Usually prudent, history professor Jon Marcus has become involved in long-distance affairs with his brother’s wife and his wife’s sister. Compounding Marcus's problems is the fallout, twenty-five years later, from a teenage romance with his cousin. Outlaws is that contradiction in terms, a scintillating dark comedy–erudite, entertaining, and moving–about a subject that's taboo even today.
Marcus's sordid past and messy present might have been a little easier to deal with if he had a real job. But he's a teacher at a liberal arts college in Florida, a school with more than its share of flaky academics. When Jon’s mother is diagnosed with lung cancer, things begin to unravel. Marcus had recently signed on as an advisor to a subversive production of The Magic Flute, and his work on the opera provides a mostly welcome distraction. Jon also volunteers weekends at his local animal shelter, where he walks the dogs that will be euthanized on Monday. He begins doing this more often as the storm clouds gather.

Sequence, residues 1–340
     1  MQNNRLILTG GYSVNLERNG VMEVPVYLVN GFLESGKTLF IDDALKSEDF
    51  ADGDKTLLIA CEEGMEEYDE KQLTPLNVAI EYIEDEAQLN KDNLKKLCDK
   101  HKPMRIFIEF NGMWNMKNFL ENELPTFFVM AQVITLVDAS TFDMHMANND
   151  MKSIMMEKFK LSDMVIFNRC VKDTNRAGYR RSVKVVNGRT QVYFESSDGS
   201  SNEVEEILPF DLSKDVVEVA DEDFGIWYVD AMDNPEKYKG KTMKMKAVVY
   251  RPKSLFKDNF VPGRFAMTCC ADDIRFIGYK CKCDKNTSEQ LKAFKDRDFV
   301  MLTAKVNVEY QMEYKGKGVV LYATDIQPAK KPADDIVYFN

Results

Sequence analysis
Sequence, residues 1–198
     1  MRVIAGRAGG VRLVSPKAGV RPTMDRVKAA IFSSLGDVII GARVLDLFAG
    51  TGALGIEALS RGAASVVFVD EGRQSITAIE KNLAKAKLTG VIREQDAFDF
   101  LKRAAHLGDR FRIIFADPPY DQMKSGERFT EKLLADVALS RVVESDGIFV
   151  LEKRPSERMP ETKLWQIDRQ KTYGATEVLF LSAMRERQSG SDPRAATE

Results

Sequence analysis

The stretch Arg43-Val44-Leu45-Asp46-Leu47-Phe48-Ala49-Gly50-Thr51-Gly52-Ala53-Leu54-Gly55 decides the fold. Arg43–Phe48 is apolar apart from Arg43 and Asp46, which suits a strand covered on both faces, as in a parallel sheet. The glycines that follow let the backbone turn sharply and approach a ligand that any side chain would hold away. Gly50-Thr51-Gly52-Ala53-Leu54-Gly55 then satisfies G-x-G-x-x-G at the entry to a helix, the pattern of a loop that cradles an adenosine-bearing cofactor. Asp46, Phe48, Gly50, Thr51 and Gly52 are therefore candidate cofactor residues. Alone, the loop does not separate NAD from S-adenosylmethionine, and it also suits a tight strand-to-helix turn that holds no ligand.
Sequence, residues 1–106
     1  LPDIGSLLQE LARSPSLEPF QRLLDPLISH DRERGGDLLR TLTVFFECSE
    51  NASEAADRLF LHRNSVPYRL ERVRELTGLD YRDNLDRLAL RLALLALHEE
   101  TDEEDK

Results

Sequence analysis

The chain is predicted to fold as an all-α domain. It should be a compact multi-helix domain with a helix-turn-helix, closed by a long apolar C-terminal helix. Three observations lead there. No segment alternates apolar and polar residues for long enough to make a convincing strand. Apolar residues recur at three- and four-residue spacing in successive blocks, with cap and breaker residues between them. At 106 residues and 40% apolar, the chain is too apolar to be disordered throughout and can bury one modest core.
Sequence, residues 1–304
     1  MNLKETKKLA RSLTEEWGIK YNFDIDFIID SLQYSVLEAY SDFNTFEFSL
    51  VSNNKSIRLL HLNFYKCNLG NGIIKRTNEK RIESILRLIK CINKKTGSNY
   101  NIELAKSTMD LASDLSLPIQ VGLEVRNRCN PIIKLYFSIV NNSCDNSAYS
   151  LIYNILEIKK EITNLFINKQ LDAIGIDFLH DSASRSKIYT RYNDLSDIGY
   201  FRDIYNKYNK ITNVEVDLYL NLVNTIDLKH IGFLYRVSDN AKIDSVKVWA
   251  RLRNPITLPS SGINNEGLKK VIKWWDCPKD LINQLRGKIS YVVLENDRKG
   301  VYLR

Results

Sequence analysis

Set in Tampa, Los Angeles, New York, and Las Vegas, and Venice, California, and Venice, Italy, Outlaws is a buoyant, engaging narrative about some of the most dangerous of liaisons. The disgruntled colleagues, eccentric singers, quarrelsome brothers, appealing cousin, and seductive sisters-in-law are rendered with wit and sympathy, and their story is one that readers won't soon forget.